Indian businesses excited over border reopening

The reopening of the country’s borders is just three days away and Indians residing in the border town areas are equally happy and excited. This was the message conveyed by the Indian neighbours as Bhutan hosted members of the business community and relevant dignitaries of Indian border towns for a short meeting in Phuentsholing and Samdrup Jongkhar today.

It was all smiles at the pedestrian terminal in Phuentsholing today as various dignitaries and business community members from across the border made the much-awaited visit to Bhutan.

Almost three years of separation due to the border gate closure, and it seems nothing has changed or hindered the close ties that the two nations have been sharing and enjoying for a very long time.

The two neighbours were seen happily greeting each other and posing for pictures now and then.

“We are very happy and are eagerly waiting for the opening of gates this week. We will now be able to cross the border and visit Phuentsholing like before. Similarly, the Bhutanese people can come to Jaigaon and help us improve our businesses,” said RS Gupta, a resident of Jaigaon.

“I am 70 years old today and have been living here in Jaigaon for the last 50 years. We share a very good relationship with a lot of elders here in Bhutan. But the last two and a half years were tough for every one of us. But now with the border gate reopening on 23rd September, we are happy that we will meet again and continue the bond of brotherhood,” said Bajaranglal Bardia.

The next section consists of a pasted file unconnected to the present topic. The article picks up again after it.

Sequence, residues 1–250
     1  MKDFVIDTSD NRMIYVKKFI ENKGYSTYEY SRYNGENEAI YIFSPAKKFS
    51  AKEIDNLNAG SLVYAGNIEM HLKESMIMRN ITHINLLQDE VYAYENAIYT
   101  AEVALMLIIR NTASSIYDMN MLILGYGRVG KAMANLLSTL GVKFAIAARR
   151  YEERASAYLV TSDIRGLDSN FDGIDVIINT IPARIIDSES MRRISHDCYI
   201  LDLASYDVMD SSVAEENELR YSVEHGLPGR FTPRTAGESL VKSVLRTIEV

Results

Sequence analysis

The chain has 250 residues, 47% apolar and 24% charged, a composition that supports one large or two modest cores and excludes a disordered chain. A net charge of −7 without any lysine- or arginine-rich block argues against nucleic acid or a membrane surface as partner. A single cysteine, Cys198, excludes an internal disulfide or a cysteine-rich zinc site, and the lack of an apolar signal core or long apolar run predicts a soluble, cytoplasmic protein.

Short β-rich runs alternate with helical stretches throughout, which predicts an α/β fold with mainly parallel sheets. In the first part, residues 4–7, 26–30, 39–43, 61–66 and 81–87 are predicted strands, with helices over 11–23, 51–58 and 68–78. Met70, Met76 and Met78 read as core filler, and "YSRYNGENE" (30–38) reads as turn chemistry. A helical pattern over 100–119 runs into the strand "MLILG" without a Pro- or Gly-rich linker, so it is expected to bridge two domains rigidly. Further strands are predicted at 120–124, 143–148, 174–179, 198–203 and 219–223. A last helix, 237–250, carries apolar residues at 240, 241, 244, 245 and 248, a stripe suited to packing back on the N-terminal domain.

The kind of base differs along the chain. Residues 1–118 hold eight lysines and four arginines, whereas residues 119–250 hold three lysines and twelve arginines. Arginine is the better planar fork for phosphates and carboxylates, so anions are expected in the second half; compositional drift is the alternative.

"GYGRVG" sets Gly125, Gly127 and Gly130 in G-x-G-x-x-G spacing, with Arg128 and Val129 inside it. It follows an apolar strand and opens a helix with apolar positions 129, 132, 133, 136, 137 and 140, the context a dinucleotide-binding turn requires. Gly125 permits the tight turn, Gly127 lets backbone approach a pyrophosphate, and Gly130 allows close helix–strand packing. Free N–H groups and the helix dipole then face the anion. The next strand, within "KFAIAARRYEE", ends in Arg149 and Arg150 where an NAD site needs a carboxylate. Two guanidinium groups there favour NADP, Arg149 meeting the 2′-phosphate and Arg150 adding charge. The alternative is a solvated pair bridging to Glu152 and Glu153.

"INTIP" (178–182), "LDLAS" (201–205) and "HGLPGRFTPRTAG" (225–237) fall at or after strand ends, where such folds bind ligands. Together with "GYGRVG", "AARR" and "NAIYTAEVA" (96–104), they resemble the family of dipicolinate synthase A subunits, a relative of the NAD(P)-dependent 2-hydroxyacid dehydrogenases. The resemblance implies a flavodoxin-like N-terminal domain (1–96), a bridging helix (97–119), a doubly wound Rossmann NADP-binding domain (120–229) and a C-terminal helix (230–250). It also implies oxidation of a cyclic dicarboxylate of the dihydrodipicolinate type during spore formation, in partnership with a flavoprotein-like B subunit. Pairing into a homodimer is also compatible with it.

The story was similar in Samdrup Jongkhar. Officials and members of the business community from the nearby Indian border town also attended a simple inaugural ceremony as preparation for the opening of border gates on Friday.

“Almost everyone here depends on Bhutanese customers. I think more than 20,000 Indians here directly depend on Bhutanese for business purposes while about 50,000 of us are dependent on Bhutanese indirectly. But now with the opening of border gates soon, I think business will pick up as in the past,” said Raj Kumar Das, a businessman from the Indian border town called Mela Bazaar in Assam.

“All people here are excited and happy about the border gate opening, I do Bura business and all of my customers are Bhutanese,” said an excited Zakir Lodi.

In Phuentsholing, the visitors were briefed on the new pedestrian terminal and the pre-registration online system to avail faster and seamless immigration clearance once the border gate opens.

After the get-together session, the officials left for their respective homes saying their goodbyes to Bhutanese counterparts, a goodbye which is not the end, but only the beginning.

Passang Dorji/Phurba/Kinley Wangchuk

Edited by Yeshi Gyaltshen

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